G: These men are vicious, but your film also gives them a human side. They have families they fear for; they play practical jokes. Did your feelings towards them change?

    I: Um, no. But I did think, what must they have done to have survived and ended up so close to Stalin, and what has it done to them? The fact, for example, that he would almost taunt them and mock them and play them off against each other… With all these things it’s about posing the question, “What would you have done in those circumstances?”


    G: Is it true there have been calls in Russia for the film to be banned?

    I: You say Russia – it’s a person in a country of 200 million people. Just somebody somewhere said something.

    G: Were you expecting a reaction?

    I: I was wondering what it would be. I was surprised to hear we sold it to a Russian distributor. Stalin’s been making a comeback. There have been busts of Lenin, Stalin and other key figures going up in Moscow for the 100th anniversary of the Russian Revolution. It’s that sense of, don’t be frightened of strong men. That’s the message in Moscow at the moment.
    The Guardian (15 Oct 2017)

    “The Guardian’s Peter Bradshaw said The Death of Stalin was the film of the year and gave it five stars. Many in Russia are less amused, however, as the film threatens to reopen heated Russian debates about the role of Stalin as the centenary of the October Revolution that brought the Bolsheviks to power approaches.

    “The death of any person is not a subject for comedy, and even more so the death of a head of state and a great leader,” said Nikolai Starikov, a politician who leads a fringe nationalist party and has written a series of bestselling books on Russian history, including one glorifying Stalin. “He was the leader of a state that was an ally of Great Britain during the war. Could you imagine the Russians making a film mocking the death of a British king?”

    Starikov said the film was an “unfriendly act by the British intellectual class” and said it was very clear that the film was part of an “anti-Russian information war” aimed at discrediting the figure of Stalin.

    A spokeswoman for Russia’s culture ministry said she could not comment on whether the film might be banned in Russia, as no application for a licence had yet been made. A representative of Volga Films, the Russian distributor of The Death of Stalin, confirmed that the company had yet to submit an official request to the culture ministry for a licence for the film, saying this would take place after the UK premiere on 20 October. She said any public commentary about a potential ban was “simply speculation”.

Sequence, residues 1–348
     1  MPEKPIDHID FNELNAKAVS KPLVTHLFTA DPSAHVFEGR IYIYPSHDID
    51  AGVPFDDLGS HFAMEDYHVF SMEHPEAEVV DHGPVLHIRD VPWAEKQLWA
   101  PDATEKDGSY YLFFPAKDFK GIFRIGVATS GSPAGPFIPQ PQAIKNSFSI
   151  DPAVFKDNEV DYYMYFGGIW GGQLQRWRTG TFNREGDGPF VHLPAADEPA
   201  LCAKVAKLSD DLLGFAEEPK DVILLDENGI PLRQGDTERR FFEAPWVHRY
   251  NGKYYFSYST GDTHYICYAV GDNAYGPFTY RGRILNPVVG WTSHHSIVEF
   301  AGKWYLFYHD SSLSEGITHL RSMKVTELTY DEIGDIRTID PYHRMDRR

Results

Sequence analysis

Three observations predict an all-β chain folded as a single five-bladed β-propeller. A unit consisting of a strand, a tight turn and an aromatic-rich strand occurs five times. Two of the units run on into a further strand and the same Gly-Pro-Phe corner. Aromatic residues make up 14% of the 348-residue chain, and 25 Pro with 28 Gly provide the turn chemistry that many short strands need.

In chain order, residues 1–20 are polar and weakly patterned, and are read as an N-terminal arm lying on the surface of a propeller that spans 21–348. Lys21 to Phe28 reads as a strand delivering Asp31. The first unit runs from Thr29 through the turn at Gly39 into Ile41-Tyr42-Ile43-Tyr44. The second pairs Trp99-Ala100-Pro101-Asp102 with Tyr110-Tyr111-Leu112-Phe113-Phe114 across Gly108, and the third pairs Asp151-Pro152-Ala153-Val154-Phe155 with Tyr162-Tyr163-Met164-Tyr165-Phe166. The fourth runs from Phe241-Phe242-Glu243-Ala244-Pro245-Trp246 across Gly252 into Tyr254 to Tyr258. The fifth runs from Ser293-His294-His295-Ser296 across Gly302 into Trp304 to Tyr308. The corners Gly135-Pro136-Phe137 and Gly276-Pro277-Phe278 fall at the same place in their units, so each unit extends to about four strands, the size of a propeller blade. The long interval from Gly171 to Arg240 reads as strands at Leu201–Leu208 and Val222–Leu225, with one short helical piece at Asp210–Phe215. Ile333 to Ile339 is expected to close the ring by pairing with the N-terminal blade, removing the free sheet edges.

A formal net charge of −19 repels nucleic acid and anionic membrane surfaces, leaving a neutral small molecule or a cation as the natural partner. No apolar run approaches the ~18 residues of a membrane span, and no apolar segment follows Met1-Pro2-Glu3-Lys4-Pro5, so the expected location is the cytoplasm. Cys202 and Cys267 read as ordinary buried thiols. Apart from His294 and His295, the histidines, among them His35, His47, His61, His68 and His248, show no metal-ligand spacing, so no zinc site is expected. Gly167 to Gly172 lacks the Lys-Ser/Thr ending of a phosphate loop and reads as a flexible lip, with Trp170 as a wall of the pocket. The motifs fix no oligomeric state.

It is clear, however, that the prospect of the film being screened is already causing uproar among nationalists.

    The pro-Kremlin newspaper Vzglyad recommended the film should not be screened in Russia, calling it “a nasty sendup by outsiders who know nothing of our history”. Pavel Pozhigailo, an adviser to Russia’s culture ministry, said the film was a “planned provocation” aimed at angering Communists in Russia and had the potential to “incite hatred”.


    In June, Russia’s Levada Centre polled the country’s citizens on who they believed to be “the greatest person of all nations and all eras”, and Stalin came in first place. Putin came second, and the Russian poet Alexander Pushkin third.”
    The Guardian (14 Oct 2017).

    I have two questions.

    1) Did those “Russians” before whom the maître Iannucci screened “his” masterpiece and who furiously handshaked it afterwards included the people currently residing in Berlin, London, Haifa, Brighton Beach (NY) and/or this man?

    2) Is it absolutely necessary from every kreakl to be a piece of lying shytte in order to receive the top marks of handshakability?


  7. Regarding film and satire.
    If you are par on the “in” group it’s impossibke for you to judge the possible response / impact on the group that’s subject of the satire/ joke.

    Years ago I let some comedy /daturas videos (it was along time ago) to a friend I was at college with.

    He returned them and I asked whether he enjoyed them. One of the films he hated and said it was only on in his house for ten minutes before his family and friends reacted and he had to turn it off. He hated the film and was really angry about it.


    The film was staring Steve Martin it was called the jerk – it was a satire with jokes about black people – my college friend was black.

    I learned a lesson. When your the subject of jokes that belittle your culture – it’s not funny.


    1. Good point, James, but ‘Death in Stalin’ isn’t mocking Russians or Russia. It’s mocking the leaders of the 1953 Soviet Union. To be frank, they’re fair game.


      1. “they’re fair game”

        Still, it’s a bit weird. As if Bollywood produced a dance-and-sing comedy about the Kennedy assassination, or something.

        Watch this one: . Superb literature, quite a decent film. Could it be done in the west? Nah, I don’t think so. Should stick with Fawlty Towers and La Grande Vadrouille.


      2. ” It’s mocking the leaders of the 1953 Soviet Union. To be frank, they’re fair game.”